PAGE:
Last night, Saturday Night Live returned from its Thanksgiving hiatus—and while Donald Trump was busy hate-tweeting about Alec Baldwin's (brilliant, as always) impersonation of him, the rest of us were enjoying watching Emma Stone slay her third appearance as host of the show. Here is a rundown of the best of Stone's sketches from last night's episode:
"The Christmas Candle"
We can all relate to the panic that ensues as the holidays near and you still haven't found a present for that one person you don't know well enough to actually shop for. Enter: the Christmas candle. Often smelling of a fake, sickly-sweet scent; often on sale/re-gifted/found in the back of a cabinet; always a pretty bad gift idea. SNL takes this scenario and makes it even funnier with fake snow, '90s hair, and upper-middle-class housewives in fur coats passing around a dusty peach-scented candle. Enjoy.
"High School Theatre Show"
What do you get when you take a group of high school students who fancy themselves ~artistes~, add all black outfits and edgy haircuts, and throw in a healthy dose of causes to fuel their poorly informed, poorly staged social commentary? You get this show—cheekily titled, "Now More Than Ever, We Artists Cannot and Will Not Be Silenced."
Kate McKinnon proves to be the real gem of this sketch, reprising her character Debette Goldry at a women in film panel with Leslie Jones, Emma Stone and Jennifer Aniston. Her stories, like being forced to take arsenic to make her skin glow, and dated views on the wage gap between men and women ("Of course we're getting paid less than men—they're men, they're doing all the work!") are outrageous enough to cause even McKinnon to nearly break character—and everyone else's reactions are just as hilarious.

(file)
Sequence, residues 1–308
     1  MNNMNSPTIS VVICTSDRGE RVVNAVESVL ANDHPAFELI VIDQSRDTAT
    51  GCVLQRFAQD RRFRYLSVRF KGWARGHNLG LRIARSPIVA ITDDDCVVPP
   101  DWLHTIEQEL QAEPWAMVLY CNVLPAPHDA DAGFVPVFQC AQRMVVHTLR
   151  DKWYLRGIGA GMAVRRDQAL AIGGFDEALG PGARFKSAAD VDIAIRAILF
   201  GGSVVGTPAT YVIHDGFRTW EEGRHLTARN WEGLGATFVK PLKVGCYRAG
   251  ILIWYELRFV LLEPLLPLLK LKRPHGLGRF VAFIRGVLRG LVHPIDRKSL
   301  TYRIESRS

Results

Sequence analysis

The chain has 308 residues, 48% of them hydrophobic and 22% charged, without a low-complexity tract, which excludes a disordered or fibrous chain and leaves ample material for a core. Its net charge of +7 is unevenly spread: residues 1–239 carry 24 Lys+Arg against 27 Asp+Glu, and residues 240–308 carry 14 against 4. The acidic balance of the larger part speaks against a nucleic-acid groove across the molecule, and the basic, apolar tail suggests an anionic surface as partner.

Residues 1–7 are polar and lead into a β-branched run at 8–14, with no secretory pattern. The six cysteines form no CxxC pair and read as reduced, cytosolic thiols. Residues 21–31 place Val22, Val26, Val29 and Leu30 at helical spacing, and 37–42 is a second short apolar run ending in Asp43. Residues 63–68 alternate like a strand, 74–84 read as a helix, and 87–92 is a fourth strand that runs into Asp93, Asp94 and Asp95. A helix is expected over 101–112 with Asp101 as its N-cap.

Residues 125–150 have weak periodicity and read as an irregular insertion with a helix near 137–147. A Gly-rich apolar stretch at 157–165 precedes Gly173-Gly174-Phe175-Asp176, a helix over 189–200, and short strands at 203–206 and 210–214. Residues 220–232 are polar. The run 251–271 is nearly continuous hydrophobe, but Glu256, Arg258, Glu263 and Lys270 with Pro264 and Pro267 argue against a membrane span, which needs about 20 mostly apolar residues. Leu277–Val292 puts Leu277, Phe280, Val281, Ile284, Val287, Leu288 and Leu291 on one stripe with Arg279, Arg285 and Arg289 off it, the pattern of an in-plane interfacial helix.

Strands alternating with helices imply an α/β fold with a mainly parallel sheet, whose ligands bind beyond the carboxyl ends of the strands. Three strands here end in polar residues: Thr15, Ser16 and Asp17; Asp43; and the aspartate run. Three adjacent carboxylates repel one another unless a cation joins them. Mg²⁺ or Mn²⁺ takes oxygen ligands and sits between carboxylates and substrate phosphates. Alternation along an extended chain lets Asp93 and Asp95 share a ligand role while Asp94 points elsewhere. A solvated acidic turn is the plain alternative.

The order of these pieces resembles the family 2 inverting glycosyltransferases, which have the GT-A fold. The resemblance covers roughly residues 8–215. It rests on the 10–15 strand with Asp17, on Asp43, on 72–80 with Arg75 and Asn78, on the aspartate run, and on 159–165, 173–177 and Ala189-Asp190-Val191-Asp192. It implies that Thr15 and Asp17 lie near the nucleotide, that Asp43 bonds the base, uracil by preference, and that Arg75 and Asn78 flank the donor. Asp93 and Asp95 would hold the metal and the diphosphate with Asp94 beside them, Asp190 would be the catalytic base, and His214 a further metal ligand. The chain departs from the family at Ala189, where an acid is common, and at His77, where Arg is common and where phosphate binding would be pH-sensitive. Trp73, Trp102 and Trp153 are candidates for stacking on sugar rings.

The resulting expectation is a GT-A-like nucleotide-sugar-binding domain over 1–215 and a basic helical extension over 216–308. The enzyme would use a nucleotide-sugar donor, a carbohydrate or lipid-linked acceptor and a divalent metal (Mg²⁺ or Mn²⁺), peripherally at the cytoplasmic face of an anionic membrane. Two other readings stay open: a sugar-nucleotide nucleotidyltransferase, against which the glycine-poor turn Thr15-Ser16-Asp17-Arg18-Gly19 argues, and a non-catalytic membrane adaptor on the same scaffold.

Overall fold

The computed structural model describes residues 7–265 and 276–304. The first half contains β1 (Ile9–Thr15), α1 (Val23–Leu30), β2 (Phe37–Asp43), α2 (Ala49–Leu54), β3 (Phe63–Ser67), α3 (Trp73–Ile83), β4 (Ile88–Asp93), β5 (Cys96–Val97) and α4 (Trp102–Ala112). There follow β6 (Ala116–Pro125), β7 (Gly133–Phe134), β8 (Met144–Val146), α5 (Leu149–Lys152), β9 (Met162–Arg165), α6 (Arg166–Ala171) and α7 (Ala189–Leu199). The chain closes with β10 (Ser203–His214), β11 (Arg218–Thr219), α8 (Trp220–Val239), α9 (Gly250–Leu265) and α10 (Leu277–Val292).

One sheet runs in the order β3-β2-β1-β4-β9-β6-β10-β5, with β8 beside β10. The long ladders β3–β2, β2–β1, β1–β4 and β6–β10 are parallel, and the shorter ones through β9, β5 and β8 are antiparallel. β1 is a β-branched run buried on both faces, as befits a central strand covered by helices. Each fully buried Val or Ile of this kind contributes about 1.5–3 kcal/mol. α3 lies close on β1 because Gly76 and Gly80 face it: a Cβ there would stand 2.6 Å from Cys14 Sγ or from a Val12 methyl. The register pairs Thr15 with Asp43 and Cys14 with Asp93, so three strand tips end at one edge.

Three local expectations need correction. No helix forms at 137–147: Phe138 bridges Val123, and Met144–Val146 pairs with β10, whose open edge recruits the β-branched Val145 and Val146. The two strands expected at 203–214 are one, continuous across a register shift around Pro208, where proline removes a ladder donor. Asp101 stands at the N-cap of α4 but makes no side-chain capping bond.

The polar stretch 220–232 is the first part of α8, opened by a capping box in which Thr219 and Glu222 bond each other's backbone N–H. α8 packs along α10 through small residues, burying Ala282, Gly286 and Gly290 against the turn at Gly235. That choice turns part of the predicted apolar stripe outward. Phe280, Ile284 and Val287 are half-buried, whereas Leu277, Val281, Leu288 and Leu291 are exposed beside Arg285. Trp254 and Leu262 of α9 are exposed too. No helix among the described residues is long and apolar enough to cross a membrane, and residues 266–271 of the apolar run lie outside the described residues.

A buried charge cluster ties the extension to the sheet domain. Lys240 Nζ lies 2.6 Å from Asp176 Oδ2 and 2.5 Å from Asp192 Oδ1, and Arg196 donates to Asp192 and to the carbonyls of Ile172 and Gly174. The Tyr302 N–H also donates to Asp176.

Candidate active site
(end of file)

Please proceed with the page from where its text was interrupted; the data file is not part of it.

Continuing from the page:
"Wells for Boys"
Emma Stone is the hilarious concerned mother of a sensitive young boy in this clever sketch that plays on the idea of gender-specific children's toys. While some kids Christmas lists feature Fisher Price kitchen sets or rough-and-tumble tricycles, others "just long to be understood." For these quiet, introspective boys, there's the Fisher Price Well—"for sensitive boys to wish upon, confide in, reflect by." There are also balconies "for when they're ready to announce something," or a shattered mirror "to examine the complex contradictions of their being." The parody ad perfectly pokes fun at the cultural attitude towards gender norms—plus Stone totally nails her overprotective mom rant.
In the final segment of the episode, Emma Stone and Kyle Mooney take on the role of Mary and Joseph in a Christmas-themed sketch. Have you ever wondered what it must've been like for Mary? Seriously, this girl had it rough. First, she got pregnant without ever having sex. Then, she had to give birth in a barn because the local innkeeper was probably a jerk. (You'd think giving birth to the son of God would come with a few perks, like maybe a bed… or a doctor…) And then, to top it all off, right after she pushes new life into the world in the middle of a pile of hay, a bunch of strange men show up and want to see her new baby. Like, can she have moment?? You'll never look at a nativity scene the same way ever again.
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